Mentions: We have reported that PLCδ4 is an essential protein for ZP-induced acrosome reaction. To understand how PLCδ4 is involved in this process, we first examined whether PLCδ4 is required for the acrosome reaction induced by progesterone and thapsigargin. A soybean trypsin inhibitor (SBTI) was used to monitor the acrosome reaction. SBTI is known to tightly bind to acrosin (Tollner et al., 2000), which is located on the inner acrosomal membrane and only becomes exposed extracellularly after the acrosome reaction; therefore, we could easily recognize acrosome-reacted live sperm using fluorescence-labeled SBTI (Fig. S1, available at http://www.jcb.org/cgi/content/full/jcb.200210057/DC1). Moreover, this method enabled us to avoid spontaneously acrosome-reacted sperm before the addition of the agonists. In this study we used Alexa Fluor®594–labeled SBTI to monitor the acrosome reaction induced by ZP, progesterone, and thapsigargin (Fig. 2 A). The fluorescence signal began to be detected at ∼2–5 min after the addition of these reagents, and 31.7% of wild-type sperm completed the acrosome reaction within 15 min of addition of 3 ZP/μl, whereas only 6.2% of PLCδ4−/− sperm underwent the acrosome reaction (Fig. 2 B). 100 μM progesterone induced higher rates of acrosome reaction with 49.7% of PLCδ4+/+ sperm undergoing the reaction, whereas only 26.1% of the PLCδ4−/− sperm completed the process. These results suggest that PLCδ4 has an important role in the progesterone- and ZP-induced acrosome reaction. Nonetheless, because some of the sperm from PLCδ4−/− males underwent the acrosome reaction, we cannot exclude the possibility that other PLC isozymes might be involved in these acrosome reactions in the absence of PLCδ4, especially when progesterone is used to induce the reactions. What is more, we also cannot discount the possibility that some of these sperm might have undergone spontaneous acrosome reactions during the monitoring. There was no apparent difference in the number of wild-type and mutant sperm that underwent the acrosome reaction in response to thapsigargin (58.4 and 49.7%, respectively) (Fig. 2 B).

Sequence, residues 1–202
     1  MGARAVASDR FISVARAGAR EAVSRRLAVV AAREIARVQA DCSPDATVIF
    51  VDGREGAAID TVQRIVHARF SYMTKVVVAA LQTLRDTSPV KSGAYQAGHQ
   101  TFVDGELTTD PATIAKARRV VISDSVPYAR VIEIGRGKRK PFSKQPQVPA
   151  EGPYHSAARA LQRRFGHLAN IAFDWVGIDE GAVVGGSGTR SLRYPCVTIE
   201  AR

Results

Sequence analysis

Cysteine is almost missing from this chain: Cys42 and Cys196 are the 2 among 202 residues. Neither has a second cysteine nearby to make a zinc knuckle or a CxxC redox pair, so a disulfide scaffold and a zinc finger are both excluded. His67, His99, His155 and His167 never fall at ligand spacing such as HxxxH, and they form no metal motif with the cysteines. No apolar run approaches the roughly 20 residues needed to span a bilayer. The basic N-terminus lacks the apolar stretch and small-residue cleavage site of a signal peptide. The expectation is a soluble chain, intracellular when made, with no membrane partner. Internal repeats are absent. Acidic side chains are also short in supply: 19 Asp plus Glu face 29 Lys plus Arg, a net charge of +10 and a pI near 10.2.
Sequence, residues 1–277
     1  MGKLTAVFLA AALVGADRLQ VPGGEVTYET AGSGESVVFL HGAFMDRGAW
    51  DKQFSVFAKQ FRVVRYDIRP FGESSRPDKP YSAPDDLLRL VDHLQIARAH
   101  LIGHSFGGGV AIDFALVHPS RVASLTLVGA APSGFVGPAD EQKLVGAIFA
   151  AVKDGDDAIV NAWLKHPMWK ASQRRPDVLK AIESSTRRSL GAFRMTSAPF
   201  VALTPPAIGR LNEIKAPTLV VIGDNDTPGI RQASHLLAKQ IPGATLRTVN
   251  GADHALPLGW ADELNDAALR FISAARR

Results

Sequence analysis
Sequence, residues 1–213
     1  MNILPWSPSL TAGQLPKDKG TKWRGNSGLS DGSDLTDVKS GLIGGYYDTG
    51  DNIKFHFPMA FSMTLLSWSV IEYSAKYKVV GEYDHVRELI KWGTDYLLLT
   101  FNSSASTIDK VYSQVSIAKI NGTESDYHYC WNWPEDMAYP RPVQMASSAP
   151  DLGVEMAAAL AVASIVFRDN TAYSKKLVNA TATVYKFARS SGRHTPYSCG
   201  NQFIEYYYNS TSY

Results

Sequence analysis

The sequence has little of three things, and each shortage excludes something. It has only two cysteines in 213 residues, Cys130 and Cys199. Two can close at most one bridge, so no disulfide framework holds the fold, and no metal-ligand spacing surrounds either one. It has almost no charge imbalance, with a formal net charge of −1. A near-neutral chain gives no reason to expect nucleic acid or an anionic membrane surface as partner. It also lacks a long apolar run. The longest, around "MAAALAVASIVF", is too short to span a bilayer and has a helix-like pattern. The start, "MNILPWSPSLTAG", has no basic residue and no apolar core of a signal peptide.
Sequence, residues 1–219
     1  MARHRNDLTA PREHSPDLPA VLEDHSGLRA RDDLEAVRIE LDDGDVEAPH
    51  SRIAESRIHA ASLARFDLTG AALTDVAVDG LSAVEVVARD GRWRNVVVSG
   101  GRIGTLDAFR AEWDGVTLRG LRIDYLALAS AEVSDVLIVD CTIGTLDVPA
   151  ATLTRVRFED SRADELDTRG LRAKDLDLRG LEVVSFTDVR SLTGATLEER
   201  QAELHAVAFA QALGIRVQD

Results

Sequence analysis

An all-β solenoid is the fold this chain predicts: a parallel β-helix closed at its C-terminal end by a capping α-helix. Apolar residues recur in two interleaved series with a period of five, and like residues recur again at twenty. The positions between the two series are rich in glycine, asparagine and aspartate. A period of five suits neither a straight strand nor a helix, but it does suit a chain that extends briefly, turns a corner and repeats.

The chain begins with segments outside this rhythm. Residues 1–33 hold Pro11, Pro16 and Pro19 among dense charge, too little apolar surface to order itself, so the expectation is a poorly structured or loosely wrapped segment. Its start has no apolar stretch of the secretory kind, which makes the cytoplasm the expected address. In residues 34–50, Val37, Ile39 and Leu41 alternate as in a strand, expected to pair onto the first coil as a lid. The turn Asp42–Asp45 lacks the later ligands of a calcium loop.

Phospholipase Cdelta4 is required for Ca2+ mobilization essential for acrosome reaction in sperm.

Fukami K, Yoshida M, Inoue T, Kurokawa M, Fissore RA, Yoshida N, Mikoshiba K, Takenawa T - J. Cell Biol. (2003)

Requirement of PLCδ4 in ZP- and progesterone-induced acrosome reaction. (A) Fluorescence and phase images of sperm treated with several acrosome reaction–inducing reagents. PLCδ4+/+ (+/+) and PLCδ4−/− (−/−) sperm capacitated for 1 h were treated with 1.0% DMSO, 3 Zp/μl solubilized mouse ZP (ZP), 100 μM progesterone (PG), or 5 μM thapsigargin (TG) for 15 min at 32°C in the presence of 2 μM Alexa Fluor®594–conjugated SBTI to monitor the occurrence of the acrosome reaction. The same microscopic fields are shown for acrosome reaction (AR) and bright field images. Bar, 10 μm. (B) Percent of sperm that underwent the acrosome reaction. The numbers above each column represent the number of sperm examined. Data were obtained from total amount of sperm by four independent experiments for progesterone and ZP and three independent experiments for thapsigargin.
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Related In: Results  -  Collection

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fig2: Requirement of PLCδ4 in ZP- and progesterone-induced acrosome reaction. (A) Fluorescence and phase images of sperm treated with several acrosome reaction–inducing reagents. PLCδ4+/+ (+/+) and PLCδ4−/− (−/−) sperm capacitated for 1 h were treated with 1.0% DMSO, 3 Zp/μl solubilized mouse ZP (ZP), 100 μM progesterone (PG), or 5 μM thapsigargin (TG) for 15 min at 32°C in the presence of 2 μM Alexa Fluor®594–conjugated SBTI to monitor the occurrence of the acrosome reaction. The same microscopic fields are shown for acrosome reaction (AR) and bright field images. Bar, 10 μm. (B) Percent of sperm that underwent the acrosome reaction. The numbers above each column represent the number of sperm examined. Data were obtained from total amount of sperm by four independent experiments for progesterone and ZP and three independent experiments for thapsigargin.